"type": "http",
      "direction": "out"
    }
  ],
  "disabled": false
}

The following C# sample adds a new row to the table (assumed to be single-column) based on input from the query string:

using System.Net;
using System.Text;

public static async Task Run(HttpRequest req, IAsyncCollector<object> newExcelRow, TraceWriter log)
{
    string input = req.Query
        .FirstOrDefault(q => string.Compare(q.Key, "text", true) == 0)
        .Value;
    await newExcelRow.AddAsync(new {
        Text = input
        // Add other properties for additional columns here
    });
    return;
}

The following JS sample adds a new row to the table (assumed to be single-column) based on input from the query string. In the function.json above, change $return to res first.

module.exports = function (context, req) {
    context.bindings.newExcelRow = {
        text: req.query.text
        // Add other properties for additional columns here
    }
    context.done();
};

OneDrive file input binding

This binding reads the contents of a file stored in OneDrive.

Configuring a OneDrive file input binding

This binding requires the following AAD permissions:

Resource Permission
Microsoft Graph Read user files

The binding supports the following properties:

Property Description
name Required - the variable name used in function code for the file. See Using a OneDrive file input binding from code.
type Required - must be set to onedrive.
direction Required - must be set to in.
identity Required - The identity that will be used to perform the action. Can be one of the following values:
  • userFromRequest - Only valid with HTTP trigger. Uses the identity of the calling user.
  • userFromId - Uses the identity of a previously logged-in user with the specified ID. See the userId property.
  • userFromToken - Uses the identity represented by the specified token. See the userToken property.
  • clientCredentials - Uses the identity of the function app.
userId Needed if and only if identity is set to userFromId. A user principal ID associated with a previously logged-in user.
userToken Needed if and only if identity is set to userFromToken. A token valid for the function app.
path Required - the path in OneDrive to the file.

Using a OneDrive file input binding from code

The binding exposes the following types to .NET functions:

  • byte[]
  • Stream
  • string
  • Microsoft.Graph.DriveItem

Sample: Reading a file from OneDrive

Suppose you have the following function.json that defines an HTTP trigger with a OneDrive input binding:

{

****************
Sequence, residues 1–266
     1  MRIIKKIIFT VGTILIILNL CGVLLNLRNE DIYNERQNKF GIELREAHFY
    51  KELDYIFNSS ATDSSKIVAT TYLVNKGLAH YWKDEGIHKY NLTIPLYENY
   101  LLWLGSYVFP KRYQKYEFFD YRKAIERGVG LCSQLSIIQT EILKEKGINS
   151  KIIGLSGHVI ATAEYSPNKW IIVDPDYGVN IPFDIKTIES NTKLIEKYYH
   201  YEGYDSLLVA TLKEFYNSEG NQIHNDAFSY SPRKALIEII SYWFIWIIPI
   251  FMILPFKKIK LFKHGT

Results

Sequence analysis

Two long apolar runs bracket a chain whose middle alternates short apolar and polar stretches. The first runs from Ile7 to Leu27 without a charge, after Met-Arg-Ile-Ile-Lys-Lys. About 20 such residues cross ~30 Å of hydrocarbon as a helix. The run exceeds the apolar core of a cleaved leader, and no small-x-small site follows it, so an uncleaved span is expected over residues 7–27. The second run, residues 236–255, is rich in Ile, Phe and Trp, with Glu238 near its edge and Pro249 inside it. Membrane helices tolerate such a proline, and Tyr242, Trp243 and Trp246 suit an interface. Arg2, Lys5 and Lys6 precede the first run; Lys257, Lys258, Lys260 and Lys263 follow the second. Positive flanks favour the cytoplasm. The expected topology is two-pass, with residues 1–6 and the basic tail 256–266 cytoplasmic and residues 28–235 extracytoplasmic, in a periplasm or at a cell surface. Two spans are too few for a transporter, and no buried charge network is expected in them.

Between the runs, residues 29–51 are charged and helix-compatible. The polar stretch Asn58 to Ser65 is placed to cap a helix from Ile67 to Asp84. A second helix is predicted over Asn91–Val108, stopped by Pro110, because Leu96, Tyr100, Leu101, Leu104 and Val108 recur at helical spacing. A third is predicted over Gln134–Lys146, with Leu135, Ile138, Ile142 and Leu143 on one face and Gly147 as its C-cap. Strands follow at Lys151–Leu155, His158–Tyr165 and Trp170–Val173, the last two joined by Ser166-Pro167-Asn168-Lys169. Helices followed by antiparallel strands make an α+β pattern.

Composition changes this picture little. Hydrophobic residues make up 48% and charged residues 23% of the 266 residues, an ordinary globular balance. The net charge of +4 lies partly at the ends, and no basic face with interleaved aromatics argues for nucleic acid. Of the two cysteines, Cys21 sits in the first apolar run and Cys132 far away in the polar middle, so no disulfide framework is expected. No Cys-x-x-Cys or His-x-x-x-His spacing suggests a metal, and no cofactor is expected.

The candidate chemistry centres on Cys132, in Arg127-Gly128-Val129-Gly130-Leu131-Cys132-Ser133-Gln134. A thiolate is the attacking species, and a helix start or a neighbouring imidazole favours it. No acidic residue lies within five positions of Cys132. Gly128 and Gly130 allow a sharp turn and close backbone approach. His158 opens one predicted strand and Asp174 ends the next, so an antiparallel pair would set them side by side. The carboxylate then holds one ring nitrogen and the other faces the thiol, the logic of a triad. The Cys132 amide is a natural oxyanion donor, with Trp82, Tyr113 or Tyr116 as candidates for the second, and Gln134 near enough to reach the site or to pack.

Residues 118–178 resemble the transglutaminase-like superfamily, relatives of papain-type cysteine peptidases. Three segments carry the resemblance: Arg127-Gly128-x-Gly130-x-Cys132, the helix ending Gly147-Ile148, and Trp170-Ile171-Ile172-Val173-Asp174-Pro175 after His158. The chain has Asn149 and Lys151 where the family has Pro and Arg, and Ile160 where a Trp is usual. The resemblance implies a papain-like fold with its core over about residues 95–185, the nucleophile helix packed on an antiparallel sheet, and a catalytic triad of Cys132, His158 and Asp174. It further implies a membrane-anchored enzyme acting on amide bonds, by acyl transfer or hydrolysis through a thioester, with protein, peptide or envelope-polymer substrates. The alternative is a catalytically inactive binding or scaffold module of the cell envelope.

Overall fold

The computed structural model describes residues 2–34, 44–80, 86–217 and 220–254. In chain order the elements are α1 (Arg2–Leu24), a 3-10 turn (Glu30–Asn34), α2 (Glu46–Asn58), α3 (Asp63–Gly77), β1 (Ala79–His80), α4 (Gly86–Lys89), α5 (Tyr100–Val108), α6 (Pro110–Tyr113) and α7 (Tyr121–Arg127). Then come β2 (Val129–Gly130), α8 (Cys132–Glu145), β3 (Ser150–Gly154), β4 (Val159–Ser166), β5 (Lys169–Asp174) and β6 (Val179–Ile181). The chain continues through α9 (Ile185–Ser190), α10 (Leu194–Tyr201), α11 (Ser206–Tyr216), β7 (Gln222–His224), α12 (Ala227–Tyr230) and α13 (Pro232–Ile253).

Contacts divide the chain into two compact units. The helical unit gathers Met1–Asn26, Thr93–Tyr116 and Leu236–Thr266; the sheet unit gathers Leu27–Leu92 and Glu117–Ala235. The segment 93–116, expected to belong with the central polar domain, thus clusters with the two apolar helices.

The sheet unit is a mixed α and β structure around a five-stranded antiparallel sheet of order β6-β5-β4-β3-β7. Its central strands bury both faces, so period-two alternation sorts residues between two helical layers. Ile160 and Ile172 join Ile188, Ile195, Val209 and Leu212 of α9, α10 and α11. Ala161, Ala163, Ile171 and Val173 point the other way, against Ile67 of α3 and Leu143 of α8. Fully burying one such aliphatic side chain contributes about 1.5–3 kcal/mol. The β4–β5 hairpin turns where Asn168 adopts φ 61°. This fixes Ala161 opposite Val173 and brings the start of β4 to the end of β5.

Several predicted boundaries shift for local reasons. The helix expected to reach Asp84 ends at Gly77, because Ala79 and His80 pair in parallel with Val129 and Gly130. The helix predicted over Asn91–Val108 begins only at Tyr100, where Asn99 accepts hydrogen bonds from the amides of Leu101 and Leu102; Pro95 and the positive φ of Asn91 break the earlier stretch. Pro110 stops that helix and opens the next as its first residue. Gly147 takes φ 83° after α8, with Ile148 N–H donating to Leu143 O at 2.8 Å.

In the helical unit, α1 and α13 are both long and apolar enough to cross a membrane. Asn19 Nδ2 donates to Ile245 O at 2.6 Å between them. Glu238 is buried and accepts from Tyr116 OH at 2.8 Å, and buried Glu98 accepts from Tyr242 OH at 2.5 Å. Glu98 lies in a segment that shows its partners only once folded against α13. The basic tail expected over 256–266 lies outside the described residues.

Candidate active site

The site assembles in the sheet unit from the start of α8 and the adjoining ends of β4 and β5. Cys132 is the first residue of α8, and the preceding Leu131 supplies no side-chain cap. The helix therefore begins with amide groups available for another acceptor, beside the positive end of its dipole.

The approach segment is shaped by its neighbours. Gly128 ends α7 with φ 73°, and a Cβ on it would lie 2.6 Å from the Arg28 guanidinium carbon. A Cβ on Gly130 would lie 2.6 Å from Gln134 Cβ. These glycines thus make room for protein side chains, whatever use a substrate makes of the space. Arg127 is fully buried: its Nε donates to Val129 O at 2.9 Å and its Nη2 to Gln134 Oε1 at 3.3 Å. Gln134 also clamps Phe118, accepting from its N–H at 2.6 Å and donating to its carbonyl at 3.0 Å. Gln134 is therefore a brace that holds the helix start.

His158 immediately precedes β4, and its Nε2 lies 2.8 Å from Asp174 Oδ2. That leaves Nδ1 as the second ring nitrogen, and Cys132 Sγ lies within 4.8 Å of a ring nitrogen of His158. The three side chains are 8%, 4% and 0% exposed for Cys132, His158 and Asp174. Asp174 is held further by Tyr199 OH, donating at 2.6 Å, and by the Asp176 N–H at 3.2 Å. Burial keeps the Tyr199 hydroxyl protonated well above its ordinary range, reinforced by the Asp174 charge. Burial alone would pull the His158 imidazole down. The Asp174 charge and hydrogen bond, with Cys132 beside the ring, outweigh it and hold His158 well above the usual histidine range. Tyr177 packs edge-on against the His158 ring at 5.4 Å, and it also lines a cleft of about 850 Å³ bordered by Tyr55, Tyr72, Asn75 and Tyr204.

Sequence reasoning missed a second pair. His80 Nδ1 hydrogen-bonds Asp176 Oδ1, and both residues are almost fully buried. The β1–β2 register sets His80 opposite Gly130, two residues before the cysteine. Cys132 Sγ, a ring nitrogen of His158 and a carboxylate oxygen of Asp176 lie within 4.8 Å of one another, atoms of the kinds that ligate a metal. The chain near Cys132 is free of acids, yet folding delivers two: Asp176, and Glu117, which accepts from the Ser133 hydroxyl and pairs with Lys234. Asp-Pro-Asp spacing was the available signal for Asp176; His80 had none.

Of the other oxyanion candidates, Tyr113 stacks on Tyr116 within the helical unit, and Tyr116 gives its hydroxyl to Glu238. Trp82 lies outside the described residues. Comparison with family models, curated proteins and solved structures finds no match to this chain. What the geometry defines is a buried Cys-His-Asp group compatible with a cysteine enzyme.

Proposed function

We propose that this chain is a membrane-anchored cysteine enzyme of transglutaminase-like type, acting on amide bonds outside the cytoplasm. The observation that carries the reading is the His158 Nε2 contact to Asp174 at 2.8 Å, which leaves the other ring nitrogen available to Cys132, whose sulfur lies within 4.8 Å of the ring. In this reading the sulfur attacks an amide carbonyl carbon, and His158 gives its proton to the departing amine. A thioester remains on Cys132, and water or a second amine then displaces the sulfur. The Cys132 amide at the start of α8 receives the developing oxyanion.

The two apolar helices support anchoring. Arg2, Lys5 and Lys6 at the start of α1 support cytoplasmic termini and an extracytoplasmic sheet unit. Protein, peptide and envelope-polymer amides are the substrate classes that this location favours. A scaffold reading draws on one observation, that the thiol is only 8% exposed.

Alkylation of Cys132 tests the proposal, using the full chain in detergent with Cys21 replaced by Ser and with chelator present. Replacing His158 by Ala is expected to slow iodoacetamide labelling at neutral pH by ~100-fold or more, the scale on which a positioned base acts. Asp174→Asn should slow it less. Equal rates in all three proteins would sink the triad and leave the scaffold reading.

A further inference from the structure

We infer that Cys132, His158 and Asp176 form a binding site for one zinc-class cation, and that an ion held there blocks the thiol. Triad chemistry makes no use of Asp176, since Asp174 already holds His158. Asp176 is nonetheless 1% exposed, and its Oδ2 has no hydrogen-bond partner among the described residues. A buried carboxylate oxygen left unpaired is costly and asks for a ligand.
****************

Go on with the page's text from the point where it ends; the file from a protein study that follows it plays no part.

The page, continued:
"bindings": [
    {
      "authLevel": "anonymous",
      "name": "req",
      "type": "httpTrigger",
      "direction": "in"
    },
    {
      "name": "myOneDriveFile",
      "type": "onedrive",
      "direction": "in",
      "path": "{query.filename}",
      "identity": "userFromRequest"
    },
    {
      "name": "$return",
      "type": "http",
      "direction": "out"
    }
  ],
  "disabled": false
}

The following C# sample reads the file specified in the query string and logs its length:

using System.Net;

public static void Run(HttpRequestMessage req, Stream myOneDriveFile, TraceWriter log)
{
    log.Info(myOneDriveFile.Length.ToString());
}

The following JS sample reads the file specified in the query string and returns its length. In the function.json above, change $return to res first.

module.exports = function (context, req) {
    context.res = {
        body: context.bindings.myOneDriveFile.length
    };
    context.done();
};

OneDrive file output binding

This binding modifies the contents of a file stored in OneDrive.

Configuring a OneDrive file output binding

This binding requires the following AAD permissions:

Resource Permission
Microsoft Graph Have full access to user files

The binding supports the following properties:

Property Description
name Required - the variable name used in function code for file. See Using a OneDrive file output binding from code.
type Required - must be set to onedrive.
direction Required - must be set to out.
identity Required - The identity that will be used to perform the action. Can be one of the following values:
  • userFromRequest - Only valid with HTTP trigger. Uses the identity of the calling user.
  • userFromId - Uses the identity of a previously logged-in user with the specified ID. See the userId property.
  • userFromToken - Uses the identity represented by the specified token. See the userToken property.
  • clientCredentials - Uses the identity of the function app.
userId Needed if and only if identity is set to userFromId. A user principal ID associated with a previously logged-in user.
userToken Needed if and only if identity is set to userFromToken. A token valid for the function app.
path Required - the path in OneDrive to the file.

Using a OneDrive file output binding from code

The binding exposes the following types to .NET functions:

  • byte[]
  • Stream
  • string
  • Microsoft.Graph.DriveItem

Sample: Writing to a file in OneDrive

Suppose you have the following function.json that defines an HTTP trigger with a OneDrive output binding:

{
  "bindings": [
    {
      "authLevel": "anonymous",
      "name": "req",
      "type": "httpTrigger",
      "direction": "in"
    },
    {
      "name": "myOneDriveFile",
      "type": "onedrive",
      "direction": "out",
      "path": "FunctionsTest.txt",
      "identity": "userFromRequest"
    },
    {
      "name": "$return",
      "type": "http",
      "direction": "out"
    }
  ],
  "disabled": false
}

The following C# sample gets text from the query string and writes it to a text file (FunctionsTest.txt as defined in the config above) at the root of the caller's OneDrive:

using System.Net;
using System.Text;

public static async Task Run(HttpRequest req, TraceWriter log, Stream myOneDriveFile)